India-Pakistan Rivalry: Exploring the Ebb and Flow of 'Cricket Diplomacy


India-Pakistan Rivalry: Exploring the Ebb and Flow of ‘Cricket Diplomacy

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On Saturday, a Cricket World Cup game between Pakistan and India is set to make history, potentially becoming the most-watched cricket broadcast ever. However, the event is not without its controversies, with black market tickets selling for as much as $300,000. What’s particularly uncertain, though, is whether any Pakistan fans will even be allowed into the country, let alone the stadium.

Despite these challenges, the Pakistan-India cricket rivalry remains one of the most intense and anticipated in the sport, even though India’s last tour of Pakistan dates back to 2006, and the two nations haven’t engaged in a bilateral cricket series for over a decade.

But there was a time when cricket served as a unifying force between these two neighboring nations rather than a divisive one. The term “cricket diplomacy” gained prominence in 1987 when Pakistan’s President Mohammad Zia ul-Haq made a surprise visit to India to watch a test match. This visit took place during heightened tensions over the Kashmir issue, a longstanding point of contention between the two countries, which had led to multiple wars. Zia’s visit was part of his “cricket for peace” initiative, but it took a sour turn when, during a quiet moment in the match, he allegedly mentioned to Indian Prime Minister Rajiv Gandhi that Pakistan possessed a nuclear bomb, leading to renewed border tensions.

A more successful period of cricket diplomacy occurred between 2003 and 2008, during which time Pakistan and India played two test series each, both in Pakistan and India. This period of on-field camaraderie reflected the warm relationship between Pakistani President Pervez Musharraf, who was born in present-day India, and Indian Prime Minister Manmohan Singh, who was born in present-day Pakistan.

However, in November 2008, a tragic event shattered this harmony when gunmen with ties to a Pakistani armed group killed more than 160 people in Mumbai, India. Since then, both cricketing and political relations have remained strained, with Kashmir continuing to be a major point of contention.

Osman Samiuddin, a senior editor at ESPNCricinfo and author of “The Unquiet Ones – A History of Pakistan Cricket,” highlights the role cricket has played in high-level diplomacy between India and Pakistan. He notes that cricket often serves as a common language when the two nations are on good terms, but conversely, it can be wielded as an exclusionary power tool during periods of conflict. Samiuddin emphasizes that any diplomatic overtures through cricket must be approved at a political level.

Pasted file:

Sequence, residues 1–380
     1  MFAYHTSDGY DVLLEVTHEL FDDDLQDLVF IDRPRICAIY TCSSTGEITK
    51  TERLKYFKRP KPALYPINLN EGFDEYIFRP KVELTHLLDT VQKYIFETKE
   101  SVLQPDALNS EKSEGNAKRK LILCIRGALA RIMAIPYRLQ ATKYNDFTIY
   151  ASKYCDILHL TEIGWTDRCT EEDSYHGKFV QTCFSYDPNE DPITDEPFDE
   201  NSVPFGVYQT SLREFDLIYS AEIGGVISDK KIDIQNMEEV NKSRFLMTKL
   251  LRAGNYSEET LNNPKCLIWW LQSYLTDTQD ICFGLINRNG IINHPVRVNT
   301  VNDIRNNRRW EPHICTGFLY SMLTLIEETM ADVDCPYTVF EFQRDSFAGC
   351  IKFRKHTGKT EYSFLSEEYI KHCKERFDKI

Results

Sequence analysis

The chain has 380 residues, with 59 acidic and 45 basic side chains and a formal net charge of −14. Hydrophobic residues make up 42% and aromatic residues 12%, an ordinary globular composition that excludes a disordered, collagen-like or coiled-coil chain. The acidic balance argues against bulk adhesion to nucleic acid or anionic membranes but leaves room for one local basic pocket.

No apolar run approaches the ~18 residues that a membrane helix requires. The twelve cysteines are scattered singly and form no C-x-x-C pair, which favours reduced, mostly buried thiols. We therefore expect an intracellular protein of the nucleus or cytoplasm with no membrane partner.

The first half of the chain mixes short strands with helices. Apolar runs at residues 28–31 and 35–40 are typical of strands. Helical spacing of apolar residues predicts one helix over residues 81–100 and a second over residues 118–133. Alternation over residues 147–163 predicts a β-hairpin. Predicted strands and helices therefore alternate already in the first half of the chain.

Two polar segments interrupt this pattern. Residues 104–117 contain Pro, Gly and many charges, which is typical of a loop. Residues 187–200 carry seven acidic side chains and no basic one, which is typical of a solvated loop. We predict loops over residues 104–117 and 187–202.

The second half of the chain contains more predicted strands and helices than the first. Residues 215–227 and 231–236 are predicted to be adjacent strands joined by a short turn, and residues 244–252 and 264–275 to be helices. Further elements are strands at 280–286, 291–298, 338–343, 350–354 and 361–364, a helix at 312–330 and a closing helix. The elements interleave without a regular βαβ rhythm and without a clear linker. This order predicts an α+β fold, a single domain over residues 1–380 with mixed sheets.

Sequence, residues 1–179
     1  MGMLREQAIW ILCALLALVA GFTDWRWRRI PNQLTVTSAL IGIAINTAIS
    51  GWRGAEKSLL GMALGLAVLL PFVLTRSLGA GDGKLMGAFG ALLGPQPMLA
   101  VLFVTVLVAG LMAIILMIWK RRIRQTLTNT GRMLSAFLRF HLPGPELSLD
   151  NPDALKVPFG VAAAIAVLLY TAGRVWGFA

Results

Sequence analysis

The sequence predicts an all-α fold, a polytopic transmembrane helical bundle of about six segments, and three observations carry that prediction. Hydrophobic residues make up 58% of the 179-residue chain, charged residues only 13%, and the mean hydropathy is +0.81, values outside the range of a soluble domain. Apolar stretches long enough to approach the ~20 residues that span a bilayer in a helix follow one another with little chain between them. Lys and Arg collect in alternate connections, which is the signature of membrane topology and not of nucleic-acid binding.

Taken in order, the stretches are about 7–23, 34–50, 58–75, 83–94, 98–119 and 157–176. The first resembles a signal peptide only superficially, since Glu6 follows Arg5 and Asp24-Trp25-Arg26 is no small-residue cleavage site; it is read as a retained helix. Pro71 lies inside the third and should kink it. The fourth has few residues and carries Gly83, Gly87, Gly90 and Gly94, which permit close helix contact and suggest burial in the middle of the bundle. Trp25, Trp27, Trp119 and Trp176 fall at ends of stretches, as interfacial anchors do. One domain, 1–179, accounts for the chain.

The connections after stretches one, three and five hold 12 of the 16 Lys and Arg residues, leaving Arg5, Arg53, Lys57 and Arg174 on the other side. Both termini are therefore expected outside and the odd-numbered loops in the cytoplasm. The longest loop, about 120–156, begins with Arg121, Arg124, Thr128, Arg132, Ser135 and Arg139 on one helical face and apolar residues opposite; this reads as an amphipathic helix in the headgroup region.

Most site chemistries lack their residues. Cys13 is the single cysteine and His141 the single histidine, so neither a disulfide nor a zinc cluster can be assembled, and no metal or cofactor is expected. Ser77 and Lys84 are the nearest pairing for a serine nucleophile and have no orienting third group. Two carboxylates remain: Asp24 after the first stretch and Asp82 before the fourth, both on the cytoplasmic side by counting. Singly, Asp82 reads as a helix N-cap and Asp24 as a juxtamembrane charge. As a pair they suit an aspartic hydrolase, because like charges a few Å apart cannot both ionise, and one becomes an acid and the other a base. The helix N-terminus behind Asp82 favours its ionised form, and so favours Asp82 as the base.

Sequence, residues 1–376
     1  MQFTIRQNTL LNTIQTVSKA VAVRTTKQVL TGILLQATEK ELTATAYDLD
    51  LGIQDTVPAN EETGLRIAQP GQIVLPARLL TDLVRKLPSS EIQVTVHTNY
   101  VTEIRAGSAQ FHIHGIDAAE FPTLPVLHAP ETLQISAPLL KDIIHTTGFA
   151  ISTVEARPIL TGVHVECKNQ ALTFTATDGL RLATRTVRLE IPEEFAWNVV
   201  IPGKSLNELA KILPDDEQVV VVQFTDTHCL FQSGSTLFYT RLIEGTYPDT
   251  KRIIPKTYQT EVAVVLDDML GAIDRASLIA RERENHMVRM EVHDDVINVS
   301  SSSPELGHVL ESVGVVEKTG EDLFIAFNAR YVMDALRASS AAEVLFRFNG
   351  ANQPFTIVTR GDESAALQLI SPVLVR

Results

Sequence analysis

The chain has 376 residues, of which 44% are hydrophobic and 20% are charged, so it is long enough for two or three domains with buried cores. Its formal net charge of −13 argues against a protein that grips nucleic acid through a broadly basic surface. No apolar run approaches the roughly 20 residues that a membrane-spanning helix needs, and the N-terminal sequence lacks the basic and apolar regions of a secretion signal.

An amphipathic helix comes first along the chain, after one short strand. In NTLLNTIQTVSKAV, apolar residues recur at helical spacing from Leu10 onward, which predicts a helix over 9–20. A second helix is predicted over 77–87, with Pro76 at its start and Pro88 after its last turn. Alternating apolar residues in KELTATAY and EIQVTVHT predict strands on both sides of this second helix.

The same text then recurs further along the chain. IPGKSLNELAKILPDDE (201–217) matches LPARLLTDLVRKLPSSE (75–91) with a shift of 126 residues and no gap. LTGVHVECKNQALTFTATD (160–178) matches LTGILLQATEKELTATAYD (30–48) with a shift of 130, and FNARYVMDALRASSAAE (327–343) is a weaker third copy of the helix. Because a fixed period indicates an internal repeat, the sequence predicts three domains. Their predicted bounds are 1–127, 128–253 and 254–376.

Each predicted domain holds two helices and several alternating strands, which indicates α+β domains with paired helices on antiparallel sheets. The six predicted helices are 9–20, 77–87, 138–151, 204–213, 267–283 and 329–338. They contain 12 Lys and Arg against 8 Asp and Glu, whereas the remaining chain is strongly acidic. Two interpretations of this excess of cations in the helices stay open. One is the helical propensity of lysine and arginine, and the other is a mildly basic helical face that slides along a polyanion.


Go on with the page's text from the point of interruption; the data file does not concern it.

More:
Recent diplomatic exchanges have been acrimonious. Last December, India’s foreign minister labeled Pakistan the “epicenter of terrorism,” while his Pakistani counterpart referred to India’s Prime Minister Narendra Modi as the “butcher of Gujarat,” in reference to his time as chief minister of the state during the 2002 riots, which claimed nearly 2,000 lives, primarily Muslims.

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Both Samiuddin and Emily Crick, a UK-based academic with extensive research on cricket diplomacy, see little hope for a swift resolution to the current impasse. They believe that the leadership on both sides is reluctant to make peace, and the political environment is not conducive to progress.

Samiuddin points out that economic changes have also played a role in the freeze of diplomatic cricket relations. In the past, India-Pakistan matches were lucrative for both boards, but India, now the world’s fifth-largest economy, has other substantial revenue streams, such as the Indian Premier League, making them less reliant on playing Pakistan.

Even Pakistan, despite its economic challenges, has managed to make domestic franchise cricket financially viable. While Pakistan would stand to gain more from a resumption in cricketing relations, both sides seem reluctant to make it work.

Crick’s research underscores that India has held the upper hand in this cricketing rivalry, and Pakistani leaders have tried to use cricket matches as a means to initiate unofficial high-level meetings with their Indian counterparts. Conversely, India has often employed cricket as a form of diplomatic pressure, insisting that cricket cannot be played as long as Pakistan supports the armed uprising in Kashmir.


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